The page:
Trusts & Estates
Estate planning is an important part of everyone's life. The old phrase "To decide Not to decide is to decide" is particularly relevant here. If you do not make a Last Will and Testament then upon your death your property will go to those people designated by the State of Maryland in the proportion dictated by the State of Maryland. So not preparing a Will does not mean nothing will happen to your property, it only means you will have no say in where your property goes. Here are a few issues you need to consider:
Everyone thinks they know what is a Living Will. The problem is that until you are certified to be incapable of responding for yourself AND you are in a terminable condition or a permanent vegetative state a Living Will can not take effect. Unless you are dying anyway, your Living Will is useless.
A Durable Power of Attorney for Health Care is more inclusive than a Living Will. It appoints someone to make decisions for you when you can not speak for yourself. It does not require that you be dying. So if you have an accident and you are unconscious, the Doctors do not have to wait for you to regain consciousness before they do a hip replacement.
Trusts are a special area. Are you leaving your estate to your child? You have spent a life time amassing your estate. Do you want it all handed over to your child on their 18th or even their 21st birthday? If not you you a trust for the child until they reach the age YOU think they will handle to money properly. If you want money available for someone but do not want to eliminate their ability to receive government assistance. Then you need to establish a discretionary Trust. Do you have someone who is handicapped or have mental limitation? Then you may consider a Special Needs Trust.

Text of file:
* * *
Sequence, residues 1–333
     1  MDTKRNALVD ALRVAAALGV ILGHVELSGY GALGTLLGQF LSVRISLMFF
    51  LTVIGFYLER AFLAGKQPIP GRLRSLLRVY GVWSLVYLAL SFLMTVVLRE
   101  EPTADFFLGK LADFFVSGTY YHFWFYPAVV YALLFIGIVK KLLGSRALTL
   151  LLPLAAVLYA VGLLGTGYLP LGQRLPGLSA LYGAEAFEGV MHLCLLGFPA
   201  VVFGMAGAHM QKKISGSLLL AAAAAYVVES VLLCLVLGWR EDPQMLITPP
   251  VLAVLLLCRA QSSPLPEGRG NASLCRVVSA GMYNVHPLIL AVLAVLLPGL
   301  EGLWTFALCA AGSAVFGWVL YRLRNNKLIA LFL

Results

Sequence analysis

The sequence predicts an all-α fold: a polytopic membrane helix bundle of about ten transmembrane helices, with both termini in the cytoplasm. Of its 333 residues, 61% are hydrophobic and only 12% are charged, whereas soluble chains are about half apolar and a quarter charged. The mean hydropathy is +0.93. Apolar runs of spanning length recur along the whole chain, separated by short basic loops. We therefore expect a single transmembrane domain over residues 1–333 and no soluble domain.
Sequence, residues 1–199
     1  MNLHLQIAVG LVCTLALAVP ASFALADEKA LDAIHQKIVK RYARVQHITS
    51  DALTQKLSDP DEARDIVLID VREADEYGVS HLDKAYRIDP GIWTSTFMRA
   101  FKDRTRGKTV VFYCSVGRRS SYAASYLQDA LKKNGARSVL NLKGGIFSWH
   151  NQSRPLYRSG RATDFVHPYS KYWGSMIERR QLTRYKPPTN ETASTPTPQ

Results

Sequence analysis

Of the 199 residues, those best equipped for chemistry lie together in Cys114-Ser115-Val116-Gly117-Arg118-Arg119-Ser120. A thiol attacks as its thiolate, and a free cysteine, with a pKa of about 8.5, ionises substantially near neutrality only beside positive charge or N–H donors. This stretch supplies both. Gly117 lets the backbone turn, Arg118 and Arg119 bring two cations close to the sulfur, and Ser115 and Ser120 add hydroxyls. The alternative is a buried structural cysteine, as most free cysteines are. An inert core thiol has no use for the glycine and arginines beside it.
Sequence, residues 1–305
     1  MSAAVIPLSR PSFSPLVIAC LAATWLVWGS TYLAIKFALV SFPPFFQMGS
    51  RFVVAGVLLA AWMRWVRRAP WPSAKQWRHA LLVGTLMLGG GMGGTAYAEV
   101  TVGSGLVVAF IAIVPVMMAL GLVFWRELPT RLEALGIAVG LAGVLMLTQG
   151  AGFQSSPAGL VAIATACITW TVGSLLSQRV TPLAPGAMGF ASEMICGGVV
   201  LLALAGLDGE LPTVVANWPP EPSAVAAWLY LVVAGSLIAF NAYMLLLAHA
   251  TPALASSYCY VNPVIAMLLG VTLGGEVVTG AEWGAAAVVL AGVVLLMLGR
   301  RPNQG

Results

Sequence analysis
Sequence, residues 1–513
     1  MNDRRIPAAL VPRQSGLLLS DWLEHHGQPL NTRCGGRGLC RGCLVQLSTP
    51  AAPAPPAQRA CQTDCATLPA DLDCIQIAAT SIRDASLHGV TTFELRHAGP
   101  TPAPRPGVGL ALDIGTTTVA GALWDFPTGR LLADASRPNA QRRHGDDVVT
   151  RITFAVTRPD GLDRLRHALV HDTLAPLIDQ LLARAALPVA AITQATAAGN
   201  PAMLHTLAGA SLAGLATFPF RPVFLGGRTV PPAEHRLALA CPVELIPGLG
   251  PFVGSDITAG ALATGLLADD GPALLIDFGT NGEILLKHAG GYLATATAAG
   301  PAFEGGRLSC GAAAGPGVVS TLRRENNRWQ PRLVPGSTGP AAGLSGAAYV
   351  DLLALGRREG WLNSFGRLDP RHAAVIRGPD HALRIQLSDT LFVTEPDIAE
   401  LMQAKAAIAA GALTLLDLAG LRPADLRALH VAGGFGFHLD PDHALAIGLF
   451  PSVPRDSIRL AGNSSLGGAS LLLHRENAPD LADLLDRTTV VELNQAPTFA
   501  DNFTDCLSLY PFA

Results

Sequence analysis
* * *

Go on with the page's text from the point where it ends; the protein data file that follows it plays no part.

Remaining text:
Probate is the process of administering your Estate. This requires handling the process in the Orphans Court and/or before the Register of Wills. As soon as you die an appraisal of all of your property needs to be made before anything is removed. A Petition for Probate and a list of Interested Parties has to be filed with the Register of Wills. A bond is required regardless of what is waived in the Will. There are lots of steps that must be taken and they need to be done on time and in the right sequence.
Power of Attorneys are authorization for someone else to act on your behalf. Whether you want someone to deposit your checks and pay your bills when you can't, or handle your other business affairs for you. There can be a Limited Power of Attorney to handle a specific item or a General Power of attorney to do any thing and every thing you could do. You can have a regular Power of Attorney that takes effect when you sign it and stops when you revoke it. You can have it remain effective even if you become disabled - which we call a Durable Power of Attorney.
Please contact us for more information about how our Maryland trusts & estates attorneys can help your or your trust & estate law needs. We can be reached at 410 267 5944 or via the web through our online form.
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